IT’S barely 13 days to go before we finally celebrate the much-awaited season of the year; a season where cheer and merriment seem to engulf whatever problems we may have in our economic life. Despite being deep in financial obligations or committed to several liabilities, Filipinos still have the courage and temerity to celebrate Christmas in their own special way. In fact, we Filipinos occasionally set aside the settlement of pending liabilities in favor of making a joyous celebration of the holiday season, then let tomorrow take care of itself.
Filipinos have our own special way of celebrating Christmas. Aside from the fact that we look forward to its coming because of the financial amenities that go with it, it is a time when we likewise look forward to meeting old friends and relatives to celebrate the season. Sometimes more than the spiritual intention of this time of the year, it is viewed as an opportunity to acquire new properties, gadgets or devices that would satisfy our whims and caprices and enhance our status.
More often than not, we skip saving at this time of the year despite having more than enough income to be able to do so. We always adhere to that common practice and notion that this season comes but once in a year, so we should make the most out of it. This belief comes with a price, though. Because we tend to spend lavishly this season, sometimes we spend more than what we can afford. While accelerated spending is economically favorable to local growth, it could be fatal to individual finances.
The abundance we experienced during the merriest month of the year will turn into a financial tragedy after the season is over. Scarcity becomes a normal occurrence when we come back to our senses in the early month of January — realizing the opportunities you have foregone for the sake of the season; the savings you should have realized, investment you should have made, charities you should have supported.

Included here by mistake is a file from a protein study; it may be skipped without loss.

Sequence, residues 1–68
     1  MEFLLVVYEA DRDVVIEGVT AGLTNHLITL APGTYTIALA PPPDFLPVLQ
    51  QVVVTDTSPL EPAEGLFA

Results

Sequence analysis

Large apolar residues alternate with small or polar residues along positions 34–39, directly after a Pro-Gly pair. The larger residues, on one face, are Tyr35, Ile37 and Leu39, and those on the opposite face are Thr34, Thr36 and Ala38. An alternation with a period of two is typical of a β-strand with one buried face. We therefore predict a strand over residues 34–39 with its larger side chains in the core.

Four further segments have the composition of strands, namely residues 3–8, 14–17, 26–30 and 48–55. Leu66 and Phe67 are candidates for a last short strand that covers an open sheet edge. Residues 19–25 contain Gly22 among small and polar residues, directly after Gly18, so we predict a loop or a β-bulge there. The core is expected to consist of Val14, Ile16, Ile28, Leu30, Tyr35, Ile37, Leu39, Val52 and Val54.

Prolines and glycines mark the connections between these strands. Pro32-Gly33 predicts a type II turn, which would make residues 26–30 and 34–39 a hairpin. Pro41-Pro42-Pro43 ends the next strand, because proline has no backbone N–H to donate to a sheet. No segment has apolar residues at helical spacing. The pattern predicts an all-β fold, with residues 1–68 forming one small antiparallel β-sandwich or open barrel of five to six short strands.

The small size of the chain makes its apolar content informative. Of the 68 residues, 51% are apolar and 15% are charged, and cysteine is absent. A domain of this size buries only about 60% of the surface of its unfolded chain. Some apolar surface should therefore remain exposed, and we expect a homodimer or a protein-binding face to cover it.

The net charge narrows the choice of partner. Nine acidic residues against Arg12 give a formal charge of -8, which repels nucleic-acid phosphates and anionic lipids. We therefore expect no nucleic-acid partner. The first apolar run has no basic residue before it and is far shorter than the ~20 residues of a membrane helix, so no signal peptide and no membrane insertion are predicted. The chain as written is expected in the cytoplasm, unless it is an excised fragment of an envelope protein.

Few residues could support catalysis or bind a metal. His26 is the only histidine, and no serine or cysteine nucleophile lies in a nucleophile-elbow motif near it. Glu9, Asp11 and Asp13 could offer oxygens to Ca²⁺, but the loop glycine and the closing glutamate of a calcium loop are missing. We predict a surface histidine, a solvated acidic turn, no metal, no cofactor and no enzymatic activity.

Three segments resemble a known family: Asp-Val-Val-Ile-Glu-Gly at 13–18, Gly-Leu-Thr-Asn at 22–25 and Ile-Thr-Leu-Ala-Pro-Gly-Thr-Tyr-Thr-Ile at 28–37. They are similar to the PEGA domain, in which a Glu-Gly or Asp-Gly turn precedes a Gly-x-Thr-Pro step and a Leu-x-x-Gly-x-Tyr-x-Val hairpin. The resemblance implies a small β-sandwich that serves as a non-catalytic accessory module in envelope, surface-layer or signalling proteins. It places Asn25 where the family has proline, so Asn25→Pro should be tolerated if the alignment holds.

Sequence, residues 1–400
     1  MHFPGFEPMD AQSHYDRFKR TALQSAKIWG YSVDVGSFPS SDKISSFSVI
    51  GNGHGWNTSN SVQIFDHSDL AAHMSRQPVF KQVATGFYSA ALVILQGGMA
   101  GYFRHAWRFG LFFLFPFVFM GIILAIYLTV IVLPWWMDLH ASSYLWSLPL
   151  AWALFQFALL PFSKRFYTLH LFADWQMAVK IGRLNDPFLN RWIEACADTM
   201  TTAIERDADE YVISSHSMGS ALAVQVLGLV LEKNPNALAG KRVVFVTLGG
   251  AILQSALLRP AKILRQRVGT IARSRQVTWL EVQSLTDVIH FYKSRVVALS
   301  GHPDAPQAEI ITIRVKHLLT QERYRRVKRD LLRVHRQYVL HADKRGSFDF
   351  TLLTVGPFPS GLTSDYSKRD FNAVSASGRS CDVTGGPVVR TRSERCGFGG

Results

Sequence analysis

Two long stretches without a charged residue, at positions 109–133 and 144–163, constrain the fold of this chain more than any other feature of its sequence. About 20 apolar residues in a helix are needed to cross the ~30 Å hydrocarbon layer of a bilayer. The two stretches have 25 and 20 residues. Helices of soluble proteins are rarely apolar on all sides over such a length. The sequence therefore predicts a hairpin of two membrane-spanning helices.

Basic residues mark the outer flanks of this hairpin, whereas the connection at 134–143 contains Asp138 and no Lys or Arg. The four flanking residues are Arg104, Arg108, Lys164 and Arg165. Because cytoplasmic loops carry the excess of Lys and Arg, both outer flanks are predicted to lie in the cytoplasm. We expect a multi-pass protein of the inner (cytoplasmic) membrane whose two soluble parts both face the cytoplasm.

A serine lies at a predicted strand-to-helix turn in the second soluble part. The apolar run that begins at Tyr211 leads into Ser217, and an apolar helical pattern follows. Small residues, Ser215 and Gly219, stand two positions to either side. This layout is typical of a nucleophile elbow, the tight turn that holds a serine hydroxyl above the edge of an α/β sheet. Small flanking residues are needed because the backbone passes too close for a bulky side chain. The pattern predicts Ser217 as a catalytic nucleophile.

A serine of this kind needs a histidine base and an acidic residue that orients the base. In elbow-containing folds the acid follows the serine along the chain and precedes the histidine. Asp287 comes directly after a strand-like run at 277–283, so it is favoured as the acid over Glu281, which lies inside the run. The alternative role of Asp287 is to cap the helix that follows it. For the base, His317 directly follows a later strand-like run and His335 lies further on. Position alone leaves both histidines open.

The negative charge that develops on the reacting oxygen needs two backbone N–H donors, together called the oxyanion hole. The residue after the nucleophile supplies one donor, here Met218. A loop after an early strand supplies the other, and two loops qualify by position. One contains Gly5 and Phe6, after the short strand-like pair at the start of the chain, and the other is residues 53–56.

These are now lost opportunities in exchange for a momentary blissful experience. Most, if not all of us, fall into a trap of temporary relief from a life of continuous struggle. It is not a phenomenon that we want to escape from but an event that we want to experience repeatedly. People would normally trade fleeting moments to spend the season and engage in deficit spending, which benefits our macroeconomic scenario. On the aggregate it creates growth thanks to massive consumer spending. This is a traditional annual occurrence as reflected in our gross domestic product (GDP); personal consumption expenditure will always save the day for our GDP growth.
As such, the savings that should have been generated because of opportunities present in the holiday season have not been realized. In lavishly celebrating the event we lose the opportunity to invest, an experience that could save the country from additional foreign and local borrowings. These are normative factors that influence one’s economic decision. Consumers tend to impose or adapt to certain prescribed standards, institutional or individual. But one thing is sure, that during the holiday season, most of us tend to move in one direction, spend all the resources that are available, then let tomorrow take of itself.
The grant of emergency powers to the President because of the impending power crisis come summer of next year only proves that there indeed is a crisis. No matter what the President will do with this power, it is inevitable that we the consumers will take the brunt of this punishment. Is there any other way by which we can avoid this impending punishment? As of now, there is none. The most that we can do at the moment is to expect the worst and be consoled by words of encouragement from the authorities.
Although we are not here to play the blame game, why was it not addressed beforehand? We are on the fifth year of PNoy’s term and nothing has been done to address the issue, or was it a complete oversight on the part of the energy czar? The looming energy crisis, no matter how you look at it, is a product of oversight.
For comments e-mail; doc.ejlopez @gmail.com.